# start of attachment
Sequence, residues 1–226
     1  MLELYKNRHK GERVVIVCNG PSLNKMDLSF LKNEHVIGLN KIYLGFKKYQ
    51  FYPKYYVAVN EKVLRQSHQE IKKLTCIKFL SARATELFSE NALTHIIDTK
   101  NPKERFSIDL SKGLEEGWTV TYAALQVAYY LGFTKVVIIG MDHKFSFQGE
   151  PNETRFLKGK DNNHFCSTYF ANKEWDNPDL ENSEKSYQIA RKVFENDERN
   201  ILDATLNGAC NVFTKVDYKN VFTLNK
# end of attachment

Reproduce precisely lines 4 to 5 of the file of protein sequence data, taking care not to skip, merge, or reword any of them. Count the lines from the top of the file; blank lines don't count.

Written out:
   101  NPKERFSIDL SKGLEEGWTV TYAALQVAYY LGFTKVVIIG MDHKFSFQGE
   151  PNETRFLKGK DNNHFCSTYF ANKEWDNPDL ENSEKSYQIA RKVFENDERN